When junior Aaron Rizzo found out that his band was selected to play at the 2018 National Association of Music Merchants convention in Anaheim, California, he was shocked — especially since he forgot that he had applied.
The Aaron Rizzo Band is one of 160 artists selected to perform between Jan. 25 and 28. They are set to play Jan. 27 at 7 p.m. The band consists of Rizzo on guitar and lead vocals, sophomore Eric Myers on drums and senior Tristen Jarvis on bass. Rizzo said he wanted the band to be a trio because everyone has to pull their own weight, which makes for better musicians.
“Not only are we excited to play, but to meet and make a lot of connections,” Rizzo said.
The band’s music is influenced by blues, rock, R&B, pop and hip-hop. Rizzo said that because of the many influences, he does not like to confine the band’s music to one genre.
Myers said he likes playing with in the band because he and his bandmates work together to find the sound they want.
“What we have been doing is kind of putting the whole package together, trying to find the sound that matches the feeling we are trying to evoke with people when we are playing shows,” he said.
NAMM is a global trade show convention that takes place in January of each year in Anaheim, California. Global music product companies, such as Fender and Gibson, attend this convention each year to showcase their new equipment. In addition, artists from around the globe perform at the convention, and big–name artists come to demo the latest equipment. Last year, Joe Perry, Alice Cooper and Johnny Depp performed for the public. Although all concerts are public, the convention itself is private, with over 100,000 registered guests attending.
When he was still in high school, Rizzo said, he decided to focus on producing original content by creating a band if his own.
“I loved the stuff I was writing and wanted to have my own name on it,” he said.
Now a sound recording technology major at Ithaca College, he writes his own music for the band. In the fall of his sophomore year, he used the facilities in the School of Music to record his first album, “Blck Tee Shrt.”
This has enabled Rizzo to realize that pursuing a music career could be possible, he said.
“You see all these solo artists and people who are big, and you go, ‘Oh, that can’t happen to me, that’s impossible,’ but they were where you were at one point,” he said.
Rizzo said his favorite song he has written is “Just One Glass,” as it pays tribute to the blues music he listened to growing up, especially that of Freddie King. Rizzo said what he likes the most about it is its simplicity.
“Something about the way the lyrics work with the chords and the instrumentation just feels so good,” he said. “It’s something I can play with a 10-piece band or alone in my bedroom, and I’ll never get sick of playing it.”
When Rizzo told Jarvis and Myers that they had been selected to perform at NAMM, Jarvis said he knew it was a big deal. However, he said that after doing his own research, he realized it was much larger than what he had anticipated.
“There’s hundreds and hundreds of booths and brands and gear and guest artists and connections and noise — it’s crazy,” Jarvis said.
Jarvis said that although the trio is a band, he is there to support Rizzo’s brand, name and music. He said he is happy for Rizzo to receive this opportunity and also happy that Rizzo wants him to play for him.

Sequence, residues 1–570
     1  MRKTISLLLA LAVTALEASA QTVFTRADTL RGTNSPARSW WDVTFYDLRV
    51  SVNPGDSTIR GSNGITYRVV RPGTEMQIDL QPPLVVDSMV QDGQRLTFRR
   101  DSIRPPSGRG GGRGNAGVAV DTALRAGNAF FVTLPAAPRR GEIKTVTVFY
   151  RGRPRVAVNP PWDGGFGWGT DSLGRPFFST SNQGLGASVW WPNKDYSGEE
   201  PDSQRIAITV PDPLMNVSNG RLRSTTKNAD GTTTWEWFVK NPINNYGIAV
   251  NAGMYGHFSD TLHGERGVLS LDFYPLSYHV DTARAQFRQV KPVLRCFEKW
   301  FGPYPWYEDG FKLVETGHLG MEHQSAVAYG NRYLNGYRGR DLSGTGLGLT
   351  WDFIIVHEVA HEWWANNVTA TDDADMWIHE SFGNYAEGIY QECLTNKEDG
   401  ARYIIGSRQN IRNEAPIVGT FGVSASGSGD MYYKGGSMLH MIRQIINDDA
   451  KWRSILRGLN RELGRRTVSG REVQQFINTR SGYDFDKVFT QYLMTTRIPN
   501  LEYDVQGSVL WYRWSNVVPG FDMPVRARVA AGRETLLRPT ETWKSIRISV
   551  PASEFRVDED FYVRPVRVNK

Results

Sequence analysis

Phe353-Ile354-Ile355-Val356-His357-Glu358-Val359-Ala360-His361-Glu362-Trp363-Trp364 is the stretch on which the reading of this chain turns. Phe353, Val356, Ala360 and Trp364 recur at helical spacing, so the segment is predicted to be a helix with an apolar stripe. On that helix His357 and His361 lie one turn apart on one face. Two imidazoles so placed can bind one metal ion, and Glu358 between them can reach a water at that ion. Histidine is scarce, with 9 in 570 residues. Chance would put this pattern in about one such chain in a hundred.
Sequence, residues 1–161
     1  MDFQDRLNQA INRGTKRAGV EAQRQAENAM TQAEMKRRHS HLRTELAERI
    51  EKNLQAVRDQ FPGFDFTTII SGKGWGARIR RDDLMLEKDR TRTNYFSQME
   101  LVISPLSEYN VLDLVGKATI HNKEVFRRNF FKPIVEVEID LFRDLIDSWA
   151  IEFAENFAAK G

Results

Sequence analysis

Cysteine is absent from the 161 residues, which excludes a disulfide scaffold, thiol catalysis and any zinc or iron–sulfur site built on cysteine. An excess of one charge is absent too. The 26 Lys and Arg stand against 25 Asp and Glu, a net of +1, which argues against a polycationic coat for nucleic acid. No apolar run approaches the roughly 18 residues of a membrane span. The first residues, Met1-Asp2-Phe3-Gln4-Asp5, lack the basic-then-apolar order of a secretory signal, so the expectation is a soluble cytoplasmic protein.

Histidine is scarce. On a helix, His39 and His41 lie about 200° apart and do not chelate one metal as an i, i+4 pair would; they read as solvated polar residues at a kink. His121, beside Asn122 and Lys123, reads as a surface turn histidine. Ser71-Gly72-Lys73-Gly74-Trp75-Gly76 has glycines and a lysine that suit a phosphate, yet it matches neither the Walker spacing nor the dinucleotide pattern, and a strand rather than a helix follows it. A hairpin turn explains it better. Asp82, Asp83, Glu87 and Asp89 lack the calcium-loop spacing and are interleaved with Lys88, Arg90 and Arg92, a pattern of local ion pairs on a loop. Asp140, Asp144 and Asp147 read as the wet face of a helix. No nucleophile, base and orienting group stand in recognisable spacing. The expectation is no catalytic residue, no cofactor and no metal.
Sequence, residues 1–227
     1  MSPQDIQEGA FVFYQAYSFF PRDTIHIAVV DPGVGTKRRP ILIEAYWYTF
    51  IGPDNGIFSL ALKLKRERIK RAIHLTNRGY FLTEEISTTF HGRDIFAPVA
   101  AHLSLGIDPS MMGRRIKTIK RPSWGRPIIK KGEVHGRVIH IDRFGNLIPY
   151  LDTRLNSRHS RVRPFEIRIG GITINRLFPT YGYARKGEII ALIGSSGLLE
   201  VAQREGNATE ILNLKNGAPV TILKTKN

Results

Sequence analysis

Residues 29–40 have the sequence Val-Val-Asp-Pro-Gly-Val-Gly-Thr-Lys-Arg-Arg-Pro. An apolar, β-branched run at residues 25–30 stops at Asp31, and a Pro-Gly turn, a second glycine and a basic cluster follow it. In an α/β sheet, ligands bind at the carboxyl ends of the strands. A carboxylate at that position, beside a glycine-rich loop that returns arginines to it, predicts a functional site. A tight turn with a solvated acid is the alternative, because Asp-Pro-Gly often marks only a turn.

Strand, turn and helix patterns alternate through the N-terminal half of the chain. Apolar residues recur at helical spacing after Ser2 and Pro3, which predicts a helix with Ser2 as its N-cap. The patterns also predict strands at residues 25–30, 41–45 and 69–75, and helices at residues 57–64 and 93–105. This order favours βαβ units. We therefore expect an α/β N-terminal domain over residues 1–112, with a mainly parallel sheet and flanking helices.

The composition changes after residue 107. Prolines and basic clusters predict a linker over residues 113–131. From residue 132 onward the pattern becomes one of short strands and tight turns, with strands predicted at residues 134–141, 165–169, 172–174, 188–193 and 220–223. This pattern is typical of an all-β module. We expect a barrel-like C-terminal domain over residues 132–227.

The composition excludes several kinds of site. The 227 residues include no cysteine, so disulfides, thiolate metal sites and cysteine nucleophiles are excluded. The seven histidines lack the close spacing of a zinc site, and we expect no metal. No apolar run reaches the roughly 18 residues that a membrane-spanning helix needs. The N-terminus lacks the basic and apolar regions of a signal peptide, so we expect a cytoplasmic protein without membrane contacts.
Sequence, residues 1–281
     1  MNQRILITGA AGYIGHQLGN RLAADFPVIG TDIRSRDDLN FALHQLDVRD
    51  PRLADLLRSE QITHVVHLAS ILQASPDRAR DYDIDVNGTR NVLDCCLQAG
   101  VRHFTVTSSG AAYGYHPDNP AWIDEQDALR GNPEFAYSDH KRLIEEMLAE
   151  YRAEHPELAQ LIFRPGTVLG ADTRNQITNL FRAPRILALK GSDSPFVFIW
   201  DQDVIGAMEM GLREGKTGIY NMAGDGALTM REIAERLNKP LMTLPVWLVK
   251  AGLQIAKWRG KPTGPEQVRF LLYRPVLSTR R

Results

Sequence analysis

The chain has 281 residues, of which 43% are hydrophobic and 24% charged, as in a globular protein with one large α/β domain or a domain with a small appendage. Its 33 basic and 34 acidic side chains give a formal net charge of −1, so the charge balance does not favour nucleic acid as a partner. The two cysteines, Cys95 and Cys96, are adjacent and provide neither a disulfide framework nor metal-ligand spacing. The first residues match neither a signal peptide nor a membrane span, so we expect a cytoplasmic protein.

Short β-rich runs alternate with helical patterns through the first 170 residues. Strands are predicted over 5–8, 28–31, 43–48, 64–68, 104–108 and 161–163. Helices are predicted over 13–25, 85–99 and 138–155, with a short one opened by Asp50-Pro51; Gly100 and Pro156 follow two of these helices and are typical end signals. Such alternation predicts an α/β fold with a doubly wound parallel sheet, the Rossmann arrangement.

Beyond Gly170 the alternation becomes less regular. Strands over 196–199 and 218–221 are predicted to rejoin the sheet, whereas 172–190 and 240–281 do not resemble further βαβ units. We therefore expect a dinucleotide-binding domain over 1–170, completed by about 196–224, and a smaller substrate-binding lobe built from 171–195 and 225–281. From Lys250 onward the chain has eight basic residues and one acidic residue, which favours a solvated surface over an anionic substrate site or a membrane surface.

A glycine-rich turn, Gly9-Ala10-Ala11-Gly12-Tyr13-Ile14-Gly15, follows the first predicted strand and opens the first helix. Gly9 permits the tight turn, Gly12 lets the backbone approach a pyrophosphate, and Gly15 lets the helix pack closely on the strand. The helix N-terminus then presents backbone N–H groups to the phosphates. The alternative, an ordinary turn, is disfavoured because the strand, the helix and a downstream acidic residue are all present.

“It opens up a million opportunities for the two of us that Aaron didn’t have to do,” Jarvis said. “He could’ve done it solo. … We get to go on the ride with him, and that means a lot.”
In addition to performing, the trio will be networking at the convention, which offers the opportunity for artists to walk away from the convention with endorsements from companies.
The trio has been playing together for four months, and NAMM will be its biggest show yet. Rizzo said local shows, like Porchfest and Funk N’ Waffles in Rizzo’s hometown of Rochester, have been a great way to test out what works for the group when they are playing live.
“I love playing local shows because you start to see the same faces at every show,” Rizzo said. “They start to grow in numbers, and pretty soon, you are making a name for yourself locally.”
Although the group rehearses the set list before a show, playing live is the best rehearsal it can have, Rizzo said. Through live shows, the trio works on its chemistry and their style.
Rizzo said preparation for the NAMM show has been professional.
“We want to go out there and have a great time playing. We don’t want to plan it down to every beat, but it does need to be planned out very well,” Rizzo said.
Rizzo decided to apply for NAMM after his friend Natalie Morrison ’17 encouraged him to. Morrison had seen the band perform at a local show before and had met them through friends. As an intern for NAMM, Morrison was familiar with the types of artists that went to NAMM and thought Rizzo’s band would be a good fit, she said.
Morrison helped prepare the trio for its first NAMM experience, since it is such a large convention. She has given them advice about navigating the convention and networking to help them ease their way in.
“It is intimidating to walk into a huge convention center with all these products … and just to be immersed in this total music everywhere,” Morrison said.
With the trio stepping up to a bigger stage, Myers said, it is important to remember to enjoy the fact that the three get to play together.
“Whether it’s us with 20 people in front of us or 200 people in front of us, it’s really mostly about the fact that we are having fun and that we are enjoying the music that we are putting out because that kind of sincerity is really what’s most important about it all,” Myers said.